Minnesota Governor Recommends $100 Million Rural Broadband Funding: In 2016, Minnesota Gov. Mark Dayton wants to triple the state's past broadband efforts.
When Dayton commented on the state's $1.87 billion budget surplus, he recommended that Minnesota allocate $100 million in grant funding for rural broadband development. If that funding is approved by the state Legislature this spring, the current grant program would require applicants to at least match the funding offered, which means the state may soon see a total of $200 million in rural broadband funding.
Underfunded efforts such as these to build "rural broadband" telecommunications infrastructure are states' best efforts to respond to the enormous infrastructure deficiencies they are facing. The problem is there simply isn't enough money available at the state government level to build modern, fiber optic telecom infrastructure serving every home, school and business within their borders. Allocating millions won't address a problem that requires billions. State subsidy programs also tend to reinforce infrastructure disparities since it's more feasible to build middle mile infrastructure with limited funds than to build complete infrastructure that reaches neighborhoods.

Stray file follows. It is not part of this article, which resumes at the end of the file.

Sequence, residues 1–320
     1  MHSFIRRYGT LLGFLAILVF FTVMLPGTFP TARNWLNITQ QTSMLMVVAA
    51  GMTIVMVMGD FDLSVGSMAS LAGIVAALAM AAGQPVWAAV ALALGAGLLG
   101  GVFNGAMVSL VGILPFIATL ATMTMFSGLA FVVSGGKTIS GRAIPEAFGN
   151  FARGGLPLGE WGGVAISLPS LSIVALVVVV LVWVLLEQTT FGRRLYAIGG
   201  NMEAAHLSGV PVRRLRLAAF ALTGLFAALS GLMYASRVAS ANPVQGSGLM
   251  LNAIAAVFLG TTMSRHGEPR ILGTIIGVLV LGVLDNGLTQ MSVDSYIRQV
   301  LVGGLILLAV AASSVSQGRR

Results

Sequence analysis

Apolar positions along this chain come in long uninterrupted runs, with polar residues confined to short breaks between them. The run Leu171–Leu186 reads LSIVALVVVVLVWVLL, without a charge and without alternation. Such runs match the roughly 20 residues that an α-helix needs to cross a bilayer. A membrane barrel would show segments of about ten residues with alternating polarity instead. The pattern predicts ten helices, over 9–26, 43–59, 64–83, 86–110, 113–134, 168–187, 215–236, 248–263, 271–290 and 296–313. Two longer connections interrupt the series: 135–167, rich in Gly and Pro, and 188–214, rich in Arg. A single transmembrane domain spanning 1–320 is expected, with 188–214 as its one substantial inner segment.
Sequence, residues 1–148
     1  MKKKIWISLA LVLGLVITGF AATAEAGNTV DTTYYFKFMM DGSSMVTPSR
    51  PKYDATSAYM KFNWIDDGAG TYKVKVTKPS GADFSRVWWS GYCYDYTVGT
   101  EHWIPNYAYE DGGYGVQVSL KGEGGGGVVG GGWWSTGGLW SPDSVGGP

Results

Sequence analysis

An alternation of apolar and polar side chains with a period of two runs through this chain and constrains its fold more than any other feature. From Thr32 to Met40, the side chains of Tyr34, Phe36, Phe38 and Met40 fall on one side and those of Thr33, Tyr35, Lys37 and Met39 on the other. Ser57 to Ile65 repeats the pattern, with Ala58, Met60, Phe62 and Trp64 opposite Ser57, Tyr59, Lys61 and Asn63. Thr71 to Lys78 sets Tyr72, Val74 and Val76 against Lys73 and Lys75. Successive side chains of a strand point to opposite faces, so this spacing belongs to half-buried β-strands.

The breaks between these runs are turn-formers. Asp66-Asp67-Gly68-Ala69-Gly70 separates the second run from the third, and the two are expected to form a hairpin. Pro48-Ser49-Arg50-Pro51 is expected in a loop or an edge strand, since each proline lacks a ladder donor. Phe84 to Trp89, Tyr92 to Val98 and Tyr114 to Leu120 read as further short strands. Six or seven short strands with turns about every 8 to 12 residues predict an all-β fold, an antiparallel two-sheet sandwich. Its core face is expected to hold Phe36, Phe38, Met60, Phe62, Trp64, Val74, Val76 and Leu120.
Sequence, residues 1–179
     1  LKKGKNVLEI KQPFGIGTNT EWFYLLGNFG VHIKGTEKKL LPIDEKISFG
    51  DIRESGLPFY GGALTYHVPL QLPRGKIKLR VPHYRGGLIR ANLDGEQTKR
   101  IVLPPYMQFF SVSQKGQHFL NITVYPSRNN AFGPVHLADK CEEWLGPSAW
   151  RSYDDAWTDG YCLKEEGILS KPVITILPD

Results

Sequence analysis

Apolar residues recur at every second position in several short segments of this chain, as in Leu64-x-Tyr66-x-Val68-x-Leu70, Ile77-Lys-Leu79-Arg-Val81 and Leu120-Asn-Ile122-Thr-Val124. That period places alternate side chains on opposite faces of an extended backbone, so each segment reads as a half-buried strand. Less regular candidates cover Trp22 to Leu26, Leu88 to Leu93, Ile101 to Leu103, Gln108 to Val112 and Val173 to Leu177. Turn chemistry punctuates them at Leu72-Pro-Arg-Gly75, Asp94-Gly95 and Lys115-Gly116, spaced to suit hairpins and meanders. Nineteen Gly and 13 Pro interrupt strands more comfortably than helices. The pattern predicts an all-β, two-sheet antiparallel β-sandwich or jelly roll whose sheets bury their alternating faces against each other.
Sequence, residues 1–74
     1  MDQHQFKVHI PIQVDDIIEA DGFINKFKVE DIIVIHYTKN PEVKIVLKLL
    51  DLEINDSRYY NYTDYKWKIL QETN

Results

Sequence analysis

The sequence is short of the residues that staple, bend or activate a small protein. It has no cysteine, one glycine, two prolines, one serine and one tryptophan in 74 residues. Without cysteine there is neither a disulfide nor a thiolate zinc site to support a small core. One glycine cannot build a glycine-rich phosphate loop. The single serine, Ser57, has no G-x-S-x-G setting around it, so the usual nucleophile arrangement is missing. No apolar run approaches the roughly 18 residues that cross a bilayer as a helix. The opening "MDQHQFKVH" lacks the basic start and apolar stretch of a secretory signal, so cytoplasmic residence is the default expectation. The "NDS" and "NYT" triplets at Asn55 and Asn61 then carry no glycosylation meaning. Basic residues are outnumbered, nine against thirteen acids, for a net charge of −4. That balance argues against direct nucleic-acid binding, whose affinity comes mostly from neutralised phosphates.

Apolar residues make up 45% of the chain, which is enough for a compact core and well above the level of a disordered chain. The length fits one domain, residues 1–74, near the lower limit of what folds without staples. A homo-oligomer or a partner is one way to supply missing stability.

Telecommunications is interstate infrastructure in the 21st century, just as roads and highways were in the 20th -- and substantially funded by the federal government. States can only chip away at the nation's telecom infrastructure deficiencies. Given the nation is now a generation behind where it should be, the federal government should undertake a crash telecom infrastructure program to prepare it for the 21st century. Doing so would provide a significant economic stimulus, create jobs and facilitate economic development, education, healthcare and mitigate commute transportation demand on those aging 20th century highways. The resulting economic multiplier effect would return many of those federal dollars invested in the form of tax revenues.